Monday, March 13, 2006

Tornadoes Strike

Life in Missouri...

The Sedalia [MO] Democrat by Sarah Daniel, Beth O'Malley and Oliver Wiest
One person was killed, six injured and two reported missing after a string of tornadoes moved through Pettis County Sunday afternoon and evening.

Emergency management storm spotters followed progress of storm systems well into the night Sunday, while hundreds either sought shelter or huddled in dark homes lacking electricity.


I was very sorry, but not terribly surprised to hear on the all-news channels last night that Sedalia, MO had been hit by tornadoes. Dennis and I attended college at Warrensburg, just 30 miles west of Sedalia on Highway 50. As Dennis always says, Sedalia has a bulls-eye drawn on it. That town has been hit repeatedly by severe weather and tornadoes. It must be something about the lay of the land that channels bad weather there.

For example, here's an account of a tornado that hit on May 13, 1980

Sedalia Mayor Allen Hawkins said the twister caused from $40 million to $45 million in damages, mainly affecting factories, warehouses and commercial enterprises that employ a large sector of the city’s work force.

At least 15 structures were damaged or destroyed.

Despite the economic damage, city officials took solace in the absence of a single death resulting from the second major twister to strike here in three years.


I think the last sentence of the above quotation refers to the tornado described in the following quote:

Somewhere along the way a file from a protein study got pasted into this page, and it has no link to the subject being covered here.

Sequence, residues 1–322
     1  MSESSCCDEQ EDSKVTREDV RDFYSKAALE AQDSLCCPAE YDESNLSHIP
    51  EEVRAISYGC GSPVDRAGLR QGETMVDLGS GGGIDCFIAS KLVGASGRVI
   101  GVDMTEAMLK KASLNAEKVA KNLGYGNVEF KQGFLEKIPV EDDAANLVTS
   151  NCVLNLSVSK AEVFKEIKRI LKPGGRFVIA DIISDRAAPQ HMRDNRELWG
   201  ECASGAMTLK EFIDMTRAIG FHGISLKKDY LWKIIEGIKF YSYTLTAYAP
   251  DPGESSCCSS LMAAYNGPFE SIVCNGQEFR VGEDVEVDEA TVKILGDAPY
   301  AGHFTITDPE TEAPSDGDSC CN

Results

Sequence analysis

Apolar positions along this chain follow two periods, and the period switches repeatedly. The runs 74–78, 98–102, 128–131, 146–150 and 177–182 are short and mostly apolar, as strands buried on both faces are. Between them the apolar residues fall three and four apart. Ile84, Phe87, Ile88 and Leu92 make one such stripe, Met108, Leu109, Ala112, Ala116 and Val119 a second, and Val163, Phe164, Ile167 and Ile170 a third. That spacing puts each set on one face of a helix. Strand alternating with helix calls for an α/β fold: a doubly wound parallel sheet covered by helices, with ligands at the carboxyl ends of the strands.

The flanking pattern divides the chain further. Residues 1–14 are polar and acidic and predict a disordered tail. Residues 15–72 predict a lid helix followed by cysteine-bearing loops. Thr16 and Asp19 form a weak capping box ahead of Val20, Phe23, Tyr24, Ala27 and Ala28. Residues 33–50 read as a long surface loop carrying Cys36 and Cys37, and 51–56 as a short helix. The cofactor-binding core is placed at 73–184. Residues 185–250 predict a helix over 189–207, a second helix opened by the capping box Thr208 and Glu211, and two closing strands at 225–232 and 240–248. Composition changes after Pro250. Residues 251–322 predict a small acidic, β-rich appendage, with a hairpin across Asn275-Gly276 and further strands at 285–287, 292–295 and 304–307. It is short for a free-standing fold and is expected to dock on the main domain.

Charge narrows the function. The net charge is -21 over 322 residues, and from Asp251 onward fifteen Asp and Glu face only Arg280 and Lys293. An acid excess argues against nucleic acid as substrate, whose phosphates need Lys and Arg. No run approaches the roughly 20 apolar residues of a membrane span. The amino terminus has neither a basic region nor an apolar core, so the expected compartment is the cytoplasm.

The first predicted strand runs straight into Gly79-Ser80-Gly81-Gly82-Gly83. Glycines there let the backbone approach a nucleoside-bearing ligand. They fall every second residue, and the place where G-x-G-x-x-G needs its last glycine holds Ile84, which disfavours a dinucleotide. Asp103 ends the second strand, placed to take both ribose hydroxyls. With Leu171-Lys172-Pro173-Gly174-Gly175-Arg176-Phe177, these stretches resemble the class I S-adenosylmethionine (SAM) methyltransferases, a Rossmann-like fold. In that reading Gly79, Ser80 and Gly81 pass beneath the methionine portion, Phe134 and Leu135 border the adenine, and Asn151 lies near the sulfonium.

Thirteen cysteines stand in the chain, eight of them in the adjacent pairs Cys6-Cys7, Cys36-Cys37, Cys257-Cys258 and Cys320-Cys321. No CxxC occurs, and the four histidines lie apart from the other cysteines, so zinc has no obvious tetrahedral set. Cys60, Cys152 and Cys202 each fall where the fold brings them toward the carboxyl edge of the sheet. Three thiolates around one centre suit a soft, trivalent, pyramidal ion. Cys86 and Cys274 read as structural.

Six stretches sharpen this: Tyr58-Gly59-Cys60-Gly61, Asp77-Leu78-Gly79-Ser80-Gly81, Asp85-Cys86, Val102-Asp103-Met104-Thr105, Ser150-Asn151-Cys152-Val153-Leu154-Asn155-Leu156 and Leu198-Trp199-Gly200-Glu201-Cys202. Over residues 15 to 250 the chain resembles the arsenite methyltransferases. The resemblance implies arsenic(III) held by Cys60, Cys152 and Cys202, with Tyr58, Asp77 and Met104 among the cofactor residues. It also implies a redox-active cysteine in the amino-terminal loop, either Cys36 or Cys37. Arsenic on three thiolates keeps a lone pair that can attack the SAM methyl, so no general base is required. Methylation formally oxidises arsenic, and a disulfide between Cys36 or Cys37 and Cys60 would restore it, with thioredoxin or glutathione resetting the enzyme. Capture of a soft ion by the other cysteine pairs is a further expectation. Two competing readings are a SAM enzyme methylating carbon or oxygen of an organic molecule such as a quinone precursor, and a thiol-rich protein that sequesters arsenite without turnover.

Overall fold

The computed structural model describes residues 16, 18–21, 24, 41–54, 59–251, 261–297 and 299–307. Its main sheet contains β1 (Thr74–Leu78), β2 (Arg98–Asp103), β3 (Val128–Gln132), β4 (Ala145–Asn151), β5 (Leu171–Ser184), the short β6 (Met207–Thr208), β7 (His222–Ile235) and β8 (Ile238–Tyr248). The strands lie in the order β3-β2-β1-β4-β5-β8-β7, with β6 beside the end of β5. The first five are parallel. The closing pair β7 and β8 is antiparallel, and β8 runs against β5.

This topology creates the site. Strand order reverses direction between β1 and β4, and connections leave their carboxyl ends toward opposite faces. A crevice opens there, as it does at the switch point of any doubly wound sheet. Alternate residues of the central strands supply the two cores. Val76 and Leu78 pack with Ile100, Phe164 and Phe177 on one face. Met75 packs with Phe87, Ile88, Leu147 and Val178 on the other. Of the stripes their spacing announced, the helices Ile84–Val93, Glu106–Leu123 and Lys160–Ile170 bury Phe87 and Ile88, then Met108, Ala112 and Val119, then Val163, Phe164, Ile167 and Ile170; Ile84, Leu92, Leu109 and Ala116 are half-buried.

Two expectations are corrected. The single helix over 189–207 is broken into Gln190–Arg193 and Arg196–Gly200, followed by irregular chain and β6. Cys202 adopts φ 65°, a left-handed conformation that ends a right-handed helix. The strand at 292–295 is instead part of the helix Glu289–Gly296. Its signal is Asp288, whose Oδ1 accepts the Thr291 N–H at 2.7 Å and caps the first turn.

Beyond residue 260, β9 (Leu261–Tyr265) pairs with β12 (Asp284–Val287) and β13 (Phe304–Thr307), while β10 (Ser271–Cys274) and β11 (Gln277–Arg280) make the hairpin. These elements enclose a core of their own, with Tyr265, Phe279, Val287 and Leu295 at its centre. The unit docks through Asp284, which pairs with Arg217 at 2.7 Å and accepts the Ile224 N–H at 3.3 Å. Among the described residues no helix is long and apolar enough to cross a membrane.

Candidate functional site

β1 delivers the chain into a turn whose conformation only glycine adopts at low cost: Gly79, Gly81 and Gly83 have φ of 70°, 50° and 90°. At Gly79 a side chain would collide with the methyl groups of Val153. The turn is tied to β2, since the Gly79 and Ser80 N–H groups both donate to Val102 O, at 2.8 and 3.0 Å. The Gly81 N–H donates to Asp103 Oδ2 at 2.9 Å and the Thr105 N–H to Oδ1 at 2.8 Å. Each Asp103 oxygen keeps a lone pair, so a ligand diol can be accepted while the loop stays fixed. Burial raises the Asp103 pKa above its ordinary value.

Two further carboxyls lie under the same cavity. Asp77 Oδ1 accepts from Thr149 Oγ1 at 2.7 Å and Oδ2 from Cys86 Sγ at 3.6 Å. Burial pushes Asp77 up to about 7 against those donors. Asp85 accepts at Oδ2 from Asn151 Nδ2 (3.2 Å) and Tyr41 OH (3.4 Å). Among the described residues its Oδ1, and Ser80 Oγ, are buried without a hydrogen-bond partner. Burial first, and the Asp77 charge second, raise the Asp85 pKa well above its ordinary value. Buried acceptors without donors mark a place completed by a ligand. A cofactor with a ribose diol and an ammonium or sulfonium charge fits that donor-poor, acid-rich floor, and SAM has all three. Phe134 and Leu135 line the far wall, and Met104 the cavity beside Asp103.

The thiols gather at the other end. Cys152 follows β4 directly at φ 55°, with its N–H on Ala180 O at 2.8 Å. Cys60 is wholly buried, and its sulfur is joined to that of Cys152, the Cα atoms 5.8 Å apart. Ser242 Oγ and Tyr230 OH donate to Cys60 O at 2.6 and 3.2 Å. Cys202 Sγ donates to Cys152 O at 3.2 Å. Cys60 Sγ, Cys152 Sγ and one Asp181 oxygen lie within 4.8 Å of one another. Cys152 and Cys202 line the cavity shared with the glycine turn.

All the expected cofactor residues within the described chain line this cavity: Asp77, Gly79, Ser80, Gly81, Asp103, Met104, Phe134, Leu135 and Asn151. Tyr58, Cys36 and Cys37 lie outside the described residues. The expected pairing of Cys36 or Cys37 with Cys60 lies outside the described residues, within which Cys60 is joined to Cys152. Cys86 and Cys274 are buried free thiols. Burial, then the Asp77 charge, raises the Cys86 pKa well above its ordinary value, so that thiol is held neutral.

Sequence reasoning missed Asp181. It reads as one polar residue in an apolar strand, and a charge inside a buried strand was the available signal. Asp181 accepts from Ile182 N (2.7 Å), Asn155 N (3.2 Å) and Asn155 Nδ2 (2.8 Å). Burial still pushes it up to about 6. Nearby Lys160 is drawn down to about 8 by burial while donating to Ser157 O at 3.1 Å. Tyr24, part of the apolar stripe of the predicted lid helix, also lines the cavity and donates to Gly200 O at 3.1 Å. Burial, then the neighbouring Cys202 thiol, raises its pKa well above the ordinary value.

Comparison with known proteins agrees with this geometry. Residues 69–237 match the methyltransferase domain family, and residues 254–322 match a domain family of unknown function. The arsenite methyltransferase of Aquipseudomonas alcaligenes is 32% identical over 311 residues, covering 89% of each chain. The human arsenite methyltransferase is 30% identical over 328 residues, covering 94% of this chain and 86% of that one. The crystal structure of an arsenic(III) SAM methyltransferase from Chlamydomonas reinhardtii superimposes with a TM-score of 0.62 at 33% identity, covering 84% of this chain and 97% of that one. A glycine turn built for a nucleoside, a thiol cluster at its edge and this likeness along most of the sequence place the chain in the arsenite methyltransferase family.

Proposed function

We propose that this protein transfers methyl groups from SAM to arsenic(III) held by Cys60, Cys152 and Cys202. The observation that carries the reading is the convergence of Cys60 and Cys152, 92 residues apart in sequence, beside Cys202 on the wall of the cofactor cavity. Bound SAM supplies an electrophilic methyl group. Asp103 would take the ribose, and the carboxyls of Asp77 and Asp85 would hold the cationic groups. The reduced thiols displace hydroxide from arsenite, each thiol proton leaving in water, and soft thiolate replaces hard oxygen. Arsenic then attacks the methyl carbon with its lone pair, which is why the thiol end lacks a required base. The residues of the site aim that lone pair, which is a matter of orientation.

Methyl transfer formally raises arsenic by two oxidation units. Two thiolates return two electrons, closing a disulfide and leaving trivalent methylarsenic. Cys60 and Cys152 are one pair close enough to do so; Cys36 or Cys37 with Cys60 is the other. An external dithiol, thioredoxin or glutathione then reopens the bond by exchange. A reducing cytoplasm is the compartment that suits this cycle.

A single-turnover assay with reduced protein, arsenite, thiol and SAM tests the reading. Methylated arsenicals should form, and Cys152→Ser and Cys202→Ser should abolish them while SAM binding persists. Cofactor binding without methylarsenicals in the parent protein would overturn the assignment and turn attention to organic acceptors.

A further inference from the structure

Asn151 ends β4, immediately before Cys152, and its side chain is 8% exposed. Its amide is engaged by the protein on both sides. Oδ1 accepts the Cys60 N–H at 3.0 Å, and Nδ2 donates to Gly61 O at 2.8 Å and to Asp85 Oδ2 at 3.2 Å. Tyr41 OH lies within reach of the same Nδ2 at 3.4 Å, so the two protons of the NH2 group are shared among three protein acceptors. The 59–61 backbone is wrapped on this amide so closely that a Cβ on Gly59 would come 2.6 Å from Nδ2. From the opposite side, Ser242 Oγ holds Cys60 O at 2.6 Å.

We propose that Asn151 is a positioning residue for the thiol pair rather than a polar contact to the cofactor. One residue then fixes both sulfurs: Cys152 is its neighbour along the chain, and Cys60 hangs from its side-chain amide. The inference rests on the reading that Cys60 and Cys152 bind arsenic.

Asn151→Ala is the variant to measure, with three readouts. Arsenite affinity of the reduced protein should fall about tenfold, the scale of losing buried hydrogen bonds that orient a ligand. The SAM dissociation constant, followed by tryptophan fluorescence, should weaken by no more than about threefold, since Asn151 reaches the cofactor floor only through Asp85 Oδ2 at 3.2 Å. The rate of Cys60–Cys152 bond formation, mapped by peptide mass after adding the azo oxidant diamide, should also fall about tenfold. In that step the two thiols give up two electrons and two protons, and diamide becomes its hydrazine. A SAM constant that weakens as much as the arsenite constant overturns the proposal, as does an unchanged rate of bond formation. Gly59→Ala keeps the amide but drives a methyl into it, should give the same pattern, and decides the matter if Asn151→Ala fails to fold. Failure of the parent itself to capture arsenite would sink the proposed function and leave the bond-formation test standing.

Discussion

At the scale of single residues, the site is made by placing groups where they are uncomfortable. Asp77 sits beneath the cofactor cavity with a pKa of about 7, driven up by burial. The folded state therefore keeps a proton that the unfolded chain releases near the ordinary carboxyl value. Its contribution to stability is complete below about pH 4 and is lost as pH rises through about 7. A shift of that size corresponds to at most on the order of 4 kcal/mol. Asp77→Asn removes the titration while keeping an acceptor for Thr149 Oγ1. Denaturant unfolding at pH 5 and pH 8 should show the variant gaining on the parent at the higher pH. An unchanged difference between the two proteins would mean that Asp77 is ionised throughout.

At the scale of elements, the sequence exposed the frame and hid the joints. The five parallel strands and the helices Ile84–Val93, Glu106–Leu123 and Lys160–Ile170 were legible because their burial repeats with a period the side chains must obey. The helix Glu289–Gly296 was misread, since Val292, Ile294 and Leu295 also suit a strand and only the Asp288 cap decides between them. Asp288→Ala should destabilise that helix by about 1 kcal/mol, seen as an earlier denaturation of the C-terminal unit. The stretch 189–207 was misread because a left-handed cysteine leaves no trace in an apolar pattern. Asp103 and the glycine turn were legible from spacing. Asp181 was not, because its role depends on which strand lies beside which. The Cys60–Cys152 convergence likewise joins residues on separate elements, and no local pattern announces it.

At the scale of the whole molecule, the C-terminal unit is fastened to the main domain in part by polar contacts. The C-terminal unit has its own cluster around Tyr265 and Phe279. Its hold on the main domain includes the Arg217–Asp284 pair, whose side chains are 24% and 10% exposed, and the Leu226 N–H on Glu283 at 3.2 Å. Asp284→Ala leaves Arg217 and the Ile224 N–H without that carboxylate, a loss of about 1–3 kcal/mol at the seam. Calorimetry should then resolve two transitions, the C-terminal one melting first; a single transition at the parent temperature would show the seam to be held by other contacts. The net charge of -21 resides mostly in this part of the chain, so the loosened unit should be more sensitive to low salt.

MAY 4 1977...The Sedalia Missouri Tornado.... The tornado touched down around 1:45 PM about 9 miles southwest of Sedalia, and went through Sedalia finally lifting 2 miles northeast of town. Approximately 150 homes were destroyed and 300 more damaged. Several schools were damaged and two elementary schools were closed for the remainder of the school year. The path length was 11 miles and the tornado was as wide as 700 yards at times. The storm was rated an F3-PL3-PW4 on the Fujita-Pearson scale.


I personally remember tornadoes and damaging winds hitting in and around Sedalia several times during the State Fair which is held there every summer. One year, we were there and observed that the sky was looking ominous. We decided to get out of there and very shortly after we left, a violent wind wreaked havoc on many of the tents and booths, as well as the fair-goers. Here's a much more disastrous State Fair weather event that happened well before my memory.

1952 – The golden anniversary of the Missouri State Fair was marked with a tragedy when the fairgrounds was hit by a tornado at 1:20 a.m. on August 20. The storm centered on the midway area and a carnival employee was killed. Despite suffering extensive damage to all 60 permanent buildings on the fairgrounds, totaling almost $700,000, the fair was back in operation the following evening.

Photo and another account of this tornado

And in a storm with straight winds on May 21, 1987:

Severe thunderstorms, developing along a sharp cold front crossing the central U.S., produced 60 mph winds and golf ball size hail at Sedalia, MO ...


Another report from May 7, 2003: